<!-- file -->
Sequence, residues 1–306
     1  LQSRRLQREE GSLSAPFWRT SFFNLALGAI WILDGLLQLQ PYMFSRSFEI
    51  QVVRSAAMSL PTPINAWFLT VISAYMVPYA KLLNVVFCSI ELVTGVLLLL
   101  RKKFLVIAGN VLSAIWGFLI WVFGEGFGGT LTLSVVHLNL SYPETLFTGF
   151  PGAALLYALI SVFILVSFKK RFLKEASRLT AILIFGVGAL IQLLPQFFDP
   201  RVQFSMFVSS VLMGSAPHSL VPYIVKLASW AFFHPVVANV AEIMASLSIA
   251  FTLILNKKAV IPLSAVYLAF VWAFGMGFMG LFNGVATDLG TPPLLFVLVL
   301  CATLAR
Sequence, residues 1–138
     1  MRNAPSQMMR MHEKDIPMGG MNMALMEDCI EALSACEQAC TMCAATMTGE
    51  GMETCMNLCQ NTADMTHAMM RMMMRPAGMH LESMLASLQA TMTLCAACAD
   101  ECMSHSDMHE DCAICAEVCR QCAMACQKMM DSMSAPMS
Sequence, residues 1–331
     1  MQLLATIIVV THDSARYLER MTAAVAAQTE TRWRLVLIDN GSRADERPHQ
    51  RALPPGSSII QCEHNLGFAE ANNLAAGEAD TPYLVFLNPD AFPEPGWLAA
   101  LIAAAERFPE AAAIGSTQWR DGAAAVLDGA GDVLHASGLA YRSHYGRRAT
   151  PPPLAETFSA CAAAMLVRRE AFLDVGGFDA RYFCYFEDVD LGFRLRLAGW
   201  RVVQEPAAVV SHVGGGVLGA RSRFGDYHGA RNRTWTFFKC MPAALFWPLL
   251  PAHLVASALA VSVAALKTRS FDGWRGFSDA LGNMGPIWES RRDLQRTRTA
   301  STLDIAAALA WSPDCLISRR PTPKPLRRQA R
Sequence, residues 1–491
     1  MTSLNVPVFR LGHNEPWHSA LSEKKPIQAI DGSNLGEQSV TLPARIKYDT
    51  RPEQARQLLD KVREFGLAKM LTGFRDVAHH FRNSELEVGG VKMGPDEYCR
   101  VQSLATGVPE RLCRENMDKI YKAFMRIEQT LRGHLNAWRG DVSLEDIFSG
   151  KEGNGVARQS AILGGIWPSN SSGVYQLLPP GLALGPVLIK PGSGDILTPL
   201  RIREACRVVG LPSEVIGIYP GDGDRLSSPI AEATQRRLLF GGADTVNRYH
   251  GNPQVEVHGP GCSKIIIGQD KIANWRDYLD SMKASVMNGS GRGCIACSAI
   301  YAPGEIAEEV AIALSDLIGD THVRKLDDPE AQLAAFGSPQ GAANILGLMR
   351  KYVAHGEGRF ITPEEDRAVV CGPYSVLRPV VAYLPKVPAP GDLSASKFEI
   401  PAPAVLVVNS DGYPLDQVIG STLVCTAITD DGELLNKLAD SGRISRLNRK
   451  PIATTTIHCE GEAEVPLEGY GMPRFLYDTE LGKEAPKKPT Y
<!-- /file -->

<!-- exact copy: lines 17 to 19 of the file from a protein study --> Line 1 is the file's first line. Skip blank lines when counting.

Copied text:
   151  PPPLAETFSA CAAAMLVRRE AFLDVGGFDA RYFCYFEDVD LGFRLRLAGW
   201  RVVQEPAAVV SHVGGGVLGA RSRFGDYHGA RNRTWTFFKC MPAALFWPLL
   251  PAHLVASALA VSVAALKTRS FDGWRGFSDA LGNMGPIWES RRDLQRTRTA